The symposium on the Huck victory linked by Joe below is really remarkably ungracious and generally obtuse. Huck is an intelligent man with a reasonably coherent (if very undetailed) message. He’s to the left of the Repbulican center on economics and to the right on the social issues. And he appeals to the anxieties of a lot of the middle class. As David Brooks pointed out today, he appreciates the connection between economic and moral insecurity, and he’s a rather consistent (from the perspective of a Reagan Democrat or evangelical Republican) anti-elitist.
It goes without saying that his campaign has been way too narrowly evangelical, which surely will make it difficult for him to reach out now to like-minded Catholics and Mormons. But it’s still been an impressive campaign in a lot of ways. Iowa is not a particularly flaky state. It’s a swing state with a relatively highly educated population. New Hampshire is a lot stranger.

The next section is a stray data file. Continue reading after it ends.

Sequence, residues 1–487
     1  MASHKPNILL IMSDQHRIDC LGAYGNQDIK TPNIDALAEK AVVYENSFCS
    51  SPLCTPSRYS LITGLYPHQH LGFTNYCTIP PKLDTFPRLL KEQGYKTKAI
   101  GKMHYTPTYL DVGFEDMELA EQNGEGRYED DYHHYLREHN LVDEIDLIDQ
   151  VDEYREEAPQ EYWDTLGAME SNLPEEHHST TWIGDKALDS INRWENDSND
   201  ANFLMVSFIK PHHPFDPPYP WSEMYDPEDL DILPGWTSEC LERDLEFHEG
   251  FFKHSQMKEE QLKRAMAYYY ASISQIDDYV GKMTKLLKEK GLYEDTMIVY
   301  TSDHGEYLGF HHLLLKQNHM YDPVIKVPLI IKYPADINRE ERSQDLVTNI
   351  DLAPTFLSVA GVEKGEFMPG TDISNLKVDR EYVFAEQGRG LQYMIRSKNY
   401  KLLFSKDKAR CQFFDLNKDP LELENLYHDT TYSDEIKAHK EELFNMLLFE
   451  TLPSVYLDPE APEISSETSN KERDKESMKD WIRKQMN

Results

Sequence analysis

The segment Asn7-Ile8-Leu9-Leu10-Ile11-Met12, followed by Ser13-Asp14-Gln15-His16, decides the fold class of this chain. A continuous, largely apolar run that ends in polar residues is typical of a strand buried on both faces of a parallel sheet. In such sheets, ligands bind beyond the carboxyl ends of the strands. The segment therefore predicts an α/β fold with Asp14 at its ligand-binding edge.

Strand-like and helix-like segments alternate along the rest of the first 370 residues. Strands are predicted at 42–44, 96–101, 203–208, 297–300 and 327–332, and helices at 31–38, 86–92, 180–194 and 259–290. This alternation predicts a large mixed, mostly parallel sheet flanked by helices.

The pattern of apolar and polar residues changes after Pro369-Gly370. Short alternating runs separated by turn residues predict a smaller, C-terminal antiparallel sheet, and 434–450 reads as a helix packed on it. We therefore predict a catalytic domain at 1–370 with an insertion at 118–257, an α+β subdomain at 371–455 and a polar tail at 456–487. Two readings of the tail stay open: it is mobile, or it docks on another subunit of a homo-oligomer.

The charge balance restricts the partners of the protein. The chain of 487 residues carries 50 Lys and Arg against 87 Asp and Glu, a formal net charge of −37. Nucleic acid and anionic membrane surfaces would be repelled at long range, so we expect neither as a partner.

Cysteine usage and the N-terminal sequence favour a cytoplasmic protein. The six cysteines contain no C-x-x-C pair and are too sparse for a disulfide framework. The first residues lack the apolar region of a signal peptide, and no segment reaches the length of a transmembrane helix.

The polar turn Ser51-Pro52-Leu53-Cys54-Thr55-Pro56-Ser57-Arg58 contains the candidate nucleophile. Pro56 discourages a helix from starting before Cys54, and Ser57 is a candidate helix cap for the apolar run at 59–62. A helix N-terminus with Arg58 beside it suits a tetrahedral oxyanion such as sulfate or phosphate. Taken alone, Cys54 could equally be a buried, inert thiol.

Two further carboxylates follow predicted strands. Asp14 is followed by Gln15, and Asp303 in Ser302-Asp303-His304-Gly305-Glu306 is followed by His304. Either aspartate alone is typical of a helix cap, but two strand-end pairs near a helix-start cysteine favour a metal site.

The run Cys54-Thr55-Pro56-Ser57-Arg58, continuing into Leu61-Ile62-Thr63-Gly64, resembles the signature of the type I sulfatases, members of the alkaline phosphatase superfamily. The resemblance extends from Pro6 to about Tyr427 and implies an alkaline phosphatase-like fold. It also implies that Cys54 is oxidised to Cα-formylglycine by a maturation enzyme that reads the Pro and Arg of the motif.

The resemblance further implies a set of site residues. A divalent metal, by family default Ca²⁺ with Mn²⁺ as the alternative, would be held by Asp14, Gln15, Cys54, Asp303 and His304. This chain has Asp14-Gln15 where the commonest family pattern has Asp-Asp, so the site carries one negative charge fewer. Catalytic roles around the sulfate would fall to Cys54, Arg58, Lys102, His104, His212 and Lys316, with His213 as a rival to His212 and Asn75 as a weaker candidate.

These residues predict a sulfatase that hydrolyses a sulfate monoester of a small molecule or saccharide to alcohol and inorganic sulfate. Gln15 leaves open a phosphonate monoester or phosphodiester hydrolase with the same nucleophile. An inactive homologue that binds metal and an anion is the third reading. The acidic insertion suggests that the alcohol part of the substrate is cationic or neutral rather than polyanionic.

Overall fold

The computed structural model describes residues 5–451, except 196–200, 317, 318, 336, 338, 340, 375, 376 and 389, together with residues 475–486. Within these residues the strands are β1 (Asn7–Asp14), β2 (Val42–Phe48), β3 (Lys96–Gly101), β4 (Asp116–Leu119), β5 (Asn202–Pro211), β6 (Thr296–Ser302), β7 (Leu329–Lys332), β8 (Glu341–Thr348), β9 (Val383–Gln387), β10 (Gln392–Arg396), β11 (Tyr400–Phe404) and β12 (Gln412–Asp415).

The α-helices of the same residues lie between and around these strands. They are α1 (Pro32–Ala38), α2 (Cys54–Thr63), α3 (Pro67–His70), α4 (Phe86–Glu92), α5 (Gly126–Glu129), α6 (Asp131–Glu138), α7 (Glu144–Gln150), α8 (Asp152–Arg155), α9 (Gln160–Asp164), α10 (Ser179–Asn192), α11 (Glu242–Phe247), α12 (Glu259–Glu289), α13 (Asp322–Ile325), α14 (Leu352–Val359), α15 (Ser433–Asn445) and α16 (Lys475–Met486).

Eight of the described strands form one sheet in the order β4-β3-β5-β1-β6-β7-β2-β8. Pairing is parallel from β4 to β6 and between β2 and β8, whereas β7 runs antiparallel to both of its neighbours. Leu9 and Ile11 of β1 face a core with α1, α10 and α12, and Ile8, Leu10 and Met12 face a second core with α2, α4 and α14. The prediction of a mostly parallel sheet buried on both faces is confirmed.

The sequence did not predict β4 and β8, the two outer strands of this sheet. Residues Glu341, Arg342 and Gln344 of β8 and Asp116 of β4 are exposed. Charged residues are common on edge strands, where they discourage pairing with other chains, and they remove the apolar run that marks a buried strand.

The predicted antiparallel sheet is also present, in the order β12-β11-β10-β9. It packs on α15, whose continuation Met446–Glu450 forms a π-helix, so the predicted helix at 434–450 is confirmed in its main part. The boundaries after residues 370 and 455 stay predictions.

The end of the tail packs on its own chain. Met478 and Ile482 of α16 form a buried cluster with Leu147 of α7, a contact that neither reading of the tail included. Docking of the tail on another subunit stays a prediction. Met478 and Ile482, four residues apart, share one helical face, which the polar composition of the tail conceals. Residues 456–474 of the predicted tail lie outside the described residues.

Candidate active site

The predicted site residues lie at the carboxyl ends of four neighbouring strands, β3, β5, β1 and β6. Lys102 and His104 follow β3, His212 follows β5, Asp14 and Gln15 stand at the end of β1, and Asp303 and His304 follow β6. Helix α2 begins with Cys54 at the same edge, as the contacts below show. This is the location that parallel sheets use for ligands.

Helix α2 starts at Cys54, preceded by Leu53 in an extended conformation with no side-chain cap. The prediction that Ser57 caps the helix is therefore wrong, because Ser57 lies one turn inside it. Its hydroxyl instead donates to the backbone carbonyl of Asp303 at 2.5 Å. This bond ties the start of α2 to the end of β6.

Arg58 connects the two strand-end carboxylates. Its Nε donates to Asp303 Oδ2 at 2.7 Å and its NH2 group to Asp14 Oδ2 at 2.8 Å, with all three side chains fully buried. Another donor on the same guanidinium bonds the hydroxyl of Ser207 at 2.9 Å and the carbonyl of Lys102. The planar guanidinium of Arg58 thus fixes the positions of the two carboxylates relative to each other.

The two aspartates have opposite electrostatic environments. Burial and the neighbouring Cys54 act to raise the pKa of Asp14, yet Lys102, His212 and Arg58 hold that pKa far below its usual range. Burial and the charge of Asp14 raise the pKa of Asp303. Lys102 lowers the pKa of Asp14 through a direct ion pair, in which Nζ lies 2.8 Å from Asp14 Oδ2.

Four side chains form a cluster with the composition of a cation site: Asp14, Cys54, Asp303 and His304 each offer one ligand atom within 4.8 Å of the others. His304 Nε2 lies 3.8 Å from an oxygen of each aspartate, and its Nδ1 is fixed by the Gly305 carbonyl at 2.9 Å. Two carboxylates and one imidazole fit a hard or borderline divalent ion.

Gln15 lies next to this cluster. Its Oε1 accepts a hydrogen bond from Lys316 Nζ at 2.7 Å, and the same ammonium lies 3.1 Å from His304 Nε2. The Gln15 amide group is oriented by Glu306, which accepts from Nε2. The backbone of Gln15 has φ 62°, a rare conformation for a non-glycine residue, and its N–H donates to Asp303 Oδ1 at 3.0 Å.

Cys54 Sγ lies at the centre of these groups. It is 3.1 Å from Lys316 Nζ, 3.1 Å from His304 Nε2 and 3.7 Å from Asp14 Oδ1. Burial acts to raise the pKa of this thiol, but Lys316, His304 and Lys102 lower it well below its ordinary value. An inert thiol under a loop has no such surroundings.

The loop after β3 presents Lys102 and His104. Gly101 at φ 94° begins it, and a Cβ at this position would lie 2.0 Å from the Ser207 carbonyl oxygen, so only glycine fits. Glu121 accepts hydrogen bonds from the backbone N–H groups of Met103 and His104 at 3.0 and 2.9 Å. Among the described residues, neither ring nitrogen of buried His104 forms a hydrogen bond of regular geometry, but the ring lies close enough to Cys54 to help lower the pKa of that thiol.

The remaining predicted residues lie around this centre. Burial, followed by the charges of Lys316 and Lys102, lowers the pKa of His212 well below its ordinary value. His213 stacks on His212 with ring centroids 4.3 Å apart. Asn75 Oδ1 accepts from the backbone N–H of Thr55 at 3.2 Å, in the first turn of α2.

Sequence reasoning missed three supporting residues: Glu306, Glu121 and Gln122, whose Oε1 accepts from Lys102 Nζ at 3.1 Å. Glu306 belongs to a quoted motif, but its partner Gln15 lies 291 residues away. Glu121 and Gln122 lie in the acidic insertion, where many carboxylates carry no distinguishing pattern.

Again, I’m not endorsing Huck or anything like that. The problem the Republicans have now is that, from the perspective of the so-called Reagan coalition, there are no real Republicans left in the race. Huck and McCain actually pride themselves in their dissent from characteristic Republican positions on domestic issues. And Giuliani dissents on the social issues.
There may be hope for orthodox Republicans in an energized Romney campaigning hard against McCain’s domestic incompetence over the next couple of days. He can reasonably say that on many key issues he’s the only real Republican in the race. Maybe adversity will show his character. And his new "change agent" slogan that Washington is the problem and McCain is part of the problem might work.
Again, I’m not for Romney either (for now). He’s been a pitiful candidate so far. Money, organization, policy wonkiness, and determination to succeed aren’t enough. Both he and Hillary reminded us of that. And Peter’s right (see below) about the personal qualities and personal talk that link Huck and Obama together.